5 sizing program
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5. Sizing program. 5.1. Procedure of sizing 5.2. Example: XZ-Module 5.3. Example Optimizing. The precise sizing of a linear motor system requires some complex calculations and knowlege about linear motor systems.

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5. Sizing program

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5 sizing program

5. Sizing program

5.1. Procedure of sizing

5.2. Example: XZ-Module

5.3. Example Optimizing

  • The precise sizing of a linear motor system requires some complex calculations and knowlege about linear motor systems.

  • Construction and motion control considerations should be done simultaneously, multiple iterations to find the best solution are often required.

  • State of the art sizing tools allow everybody to become a linear motion expert- sizing becomes an easy and quick job. Therefore the engineer can focus an the application rather than on motion control considerations.


5 1 procedure of sizing 2

5.1. Procedure of sizing (2)

Input of application dataSeparation of the cycle in different segments of movement

Optimizing of ‚free parameters‘decide about dwell times, moving times, ...

Selection of a motorLinear motor, Controller

test boundariescheck for peak forces, continuous forces (power dissipation)


5 2 example xz module 1

x

5.2. Example: XZ-Module (1)

Task

A gripper will be moved horizontal to pick and place a part.

Goal: cycle time<= 1 s continuous operation

Drawing

  • Technical data X-Axle

  • Horizontal stroke 140 mm

  • Mass of the X-axle 4 kg (+ slider mass 1kg)

  • Friction 10 N

  • Payload 150g (during return (140 bis 0 mm))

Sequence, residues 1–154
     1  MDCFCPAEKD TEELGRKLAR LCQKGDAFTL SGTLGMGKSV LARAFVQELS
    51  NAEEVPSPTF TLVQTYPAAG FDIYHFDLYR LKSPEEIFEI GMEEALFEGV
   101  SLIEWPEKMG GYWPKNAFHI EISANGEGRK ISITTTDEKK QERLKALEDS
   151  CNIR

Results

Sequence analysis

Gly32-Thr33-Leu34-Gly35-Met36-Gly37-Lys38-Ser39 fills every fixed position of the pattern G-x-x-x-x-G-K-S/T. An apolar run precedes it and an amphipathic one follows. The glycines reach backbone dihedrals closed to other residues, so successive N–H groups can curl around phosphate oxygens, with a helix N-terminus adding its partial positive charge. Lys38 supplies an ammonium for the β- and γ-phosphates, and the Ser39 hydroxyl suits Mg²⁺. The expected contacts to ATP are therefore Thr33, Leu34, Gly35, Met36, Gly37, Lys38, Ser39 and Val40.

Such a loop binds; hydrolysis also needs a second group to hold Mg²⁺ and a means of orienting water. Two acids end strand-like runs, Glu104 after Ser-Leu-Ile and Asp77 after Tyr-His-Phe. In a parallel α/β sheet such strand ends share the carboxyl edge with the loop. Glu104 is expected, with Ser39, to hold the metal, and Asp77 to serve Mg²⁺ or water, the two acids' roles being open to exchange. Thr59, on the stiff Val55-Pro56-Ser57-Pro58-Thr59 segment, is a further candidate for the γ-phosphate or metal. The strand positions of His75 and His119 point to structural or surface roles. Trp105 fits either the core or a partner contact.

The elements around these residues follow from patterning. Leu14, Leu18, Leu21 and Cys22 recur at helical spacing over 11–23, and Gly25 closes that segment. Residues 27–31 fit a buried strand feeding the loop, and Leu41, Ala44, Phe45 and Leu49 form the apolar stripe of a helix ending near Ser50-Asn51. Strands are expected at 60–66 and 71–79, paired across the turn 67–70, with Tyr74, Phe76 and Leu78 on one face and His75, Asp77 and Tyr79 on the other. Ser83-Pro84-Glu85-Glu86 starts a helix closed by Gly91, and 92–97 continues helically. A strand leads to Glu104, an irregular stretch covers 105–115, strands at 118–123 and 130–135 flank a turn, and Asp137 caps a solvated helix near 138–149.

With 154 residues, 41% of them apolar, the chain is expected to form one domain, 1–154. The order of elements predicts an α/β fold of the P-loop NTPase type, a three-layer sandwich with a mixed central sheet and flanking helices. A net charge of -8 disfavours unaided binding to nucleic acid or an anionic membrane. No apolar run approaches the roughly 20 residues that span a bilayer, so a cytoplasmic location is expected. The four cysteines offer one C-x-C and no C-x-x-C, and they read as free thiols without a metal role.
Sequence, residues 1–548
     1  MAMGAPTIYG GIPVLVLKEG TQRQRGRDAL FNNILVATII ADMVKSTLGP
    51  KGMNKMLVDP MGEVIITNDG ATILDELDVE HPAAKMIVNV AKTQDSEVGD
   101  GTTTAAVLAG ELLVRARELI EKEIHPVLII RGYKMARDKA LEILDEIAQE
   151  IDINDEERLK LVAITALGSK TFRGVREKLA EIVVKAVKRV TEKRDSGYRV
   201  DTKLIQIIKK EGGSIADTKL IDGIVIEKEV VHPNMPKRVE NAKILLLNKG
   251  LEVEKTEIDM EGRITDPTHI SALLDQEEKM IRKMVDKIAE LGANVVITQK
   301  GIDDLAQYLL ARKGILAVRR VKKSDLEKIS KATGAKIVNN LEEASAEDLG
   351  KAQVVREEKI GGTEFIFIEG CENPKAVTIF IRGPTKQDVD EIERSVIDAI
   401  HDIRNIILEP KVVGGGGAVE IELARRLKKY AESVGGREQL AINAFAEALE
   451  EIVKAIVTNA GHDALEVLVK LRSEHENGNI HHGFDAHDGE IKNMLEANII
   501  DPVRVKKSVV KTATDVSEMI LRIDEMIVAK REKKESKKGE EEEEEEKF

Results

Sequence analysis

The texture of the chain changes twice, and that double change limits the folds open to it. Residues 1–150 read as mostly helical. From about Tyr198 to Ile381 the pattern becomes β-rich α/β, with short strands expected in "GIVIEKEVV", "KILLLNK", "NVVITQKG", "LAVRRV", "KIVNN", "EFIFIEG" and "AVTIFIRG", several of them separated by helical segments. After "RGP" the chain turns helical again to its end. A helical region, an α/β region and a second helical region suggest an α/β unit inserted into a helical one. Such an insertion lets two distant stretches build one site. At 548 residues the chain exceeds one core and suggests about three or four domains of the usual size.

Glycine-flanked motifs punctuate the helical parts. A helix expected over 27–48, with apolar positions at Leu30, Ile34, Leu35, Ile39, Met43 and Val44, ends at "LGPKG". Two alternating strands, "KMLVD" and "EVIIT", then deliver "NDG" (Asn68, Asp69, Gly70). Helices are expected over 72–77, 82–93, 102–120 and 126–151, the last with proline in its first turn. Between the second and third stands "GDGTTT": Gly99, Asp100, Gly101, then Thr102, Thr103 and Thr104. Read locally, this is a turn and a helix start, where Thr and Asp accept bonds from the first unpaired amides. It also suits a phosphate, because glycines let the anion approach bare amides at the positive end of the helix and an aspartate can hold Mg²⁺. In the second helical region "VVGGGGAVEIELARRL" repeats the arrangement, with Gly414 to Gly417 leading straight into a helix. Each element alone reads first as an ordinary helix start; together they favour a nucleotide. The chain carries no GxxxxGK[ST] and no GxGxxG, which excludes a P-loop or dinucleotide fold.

• Motor P01-37x240/160x360

  • Technical data data Z-Axle

  • Vertical stroke 80 mm

  • pick and place time each 80 ms

  • Mass of the Z-unit 0.530 kg (+ slider mass 220g)

  • Payload 150g (during return (140 bis 0 mm))

  • Motor P01-23x160/70x210

stroke


5 2 example xz module 2

5.2. Example: XZ-Module (2)

Step 1: defintion of the single segments

X-Axes

gripping

Advancing motion

Returning motion

Placing

140 mm

X2

X1

X3

X4

t

Dwell time forplacing

Dwell time for

gripping process

Z-axes

Z1

Z2

Z3

Z4

80 mm

80 ms

t

down

pick

up


5 2 example xz module 3 linmot designer

5.2. Example: XZ-Module (3) / LinMot Designer

Local data (appears only during specific segment of the movement)

Definition of the completecycle

Selection of motor and controller

Global data appears during the whole movement

Simulation and results


5 2 example xz module 4 analysis of the z movement

5.2. Example: XZ-Module (4)/ Analysis of the z-movement

Real worldmovement

Power dissipation 

Critical limitation

Total time for z-movement

Including gripper time = 330 ms


5 2 example xz module 2 analysis of the x movement

5.2. Example: XZ-Module (2) / Analysis of the X-movement

Real world movement

330 ms waiting for Z-Axe

330 ms waiting for Z-Axe

Critical limitation

Power dissipation 

Total cycle time 1,12 s


5 3 example xz module optimizing 1

5.3. Example: XZ-Module: Optimizing (1)

Open-loop Systems need time margins (t delay) to avoid collisions.

Closed-loop Systems (Linear motors) don‘t need this time margin because the movements are always exactly the same. Often it is possible to overlap the movements as well.


5 3 example xz module optimizing 2

5.3. Example: XZ-Module: Optimizing (2)

Simple movement

x

z

Cycle time: 1.12 sec

Optimized movement

20% reduced cycle time with identical motor/controller

X

overlapped

movement

z

Cycle time: 0.88 sec !


5 3 example 2 optimized time partinioning

x

5.3. Example 2: Optimized ‚time partinioning‘

stroke

  • Horizontal stroke 100 mm

  • Cycle time 300 ms,

  • payload 500g (during return (100 bis 0 mm))

Using a symmetrical time partitioning (85 ms for forward movement, 115 ms for return movement) the system will be overloaded ( red cycles). Using a asymmetrical time partitioning (85 ms for forward movement, 115 ms for return movement) it works fine. The peak force will be reduced by 19 %, the RMS-force by 5 %!


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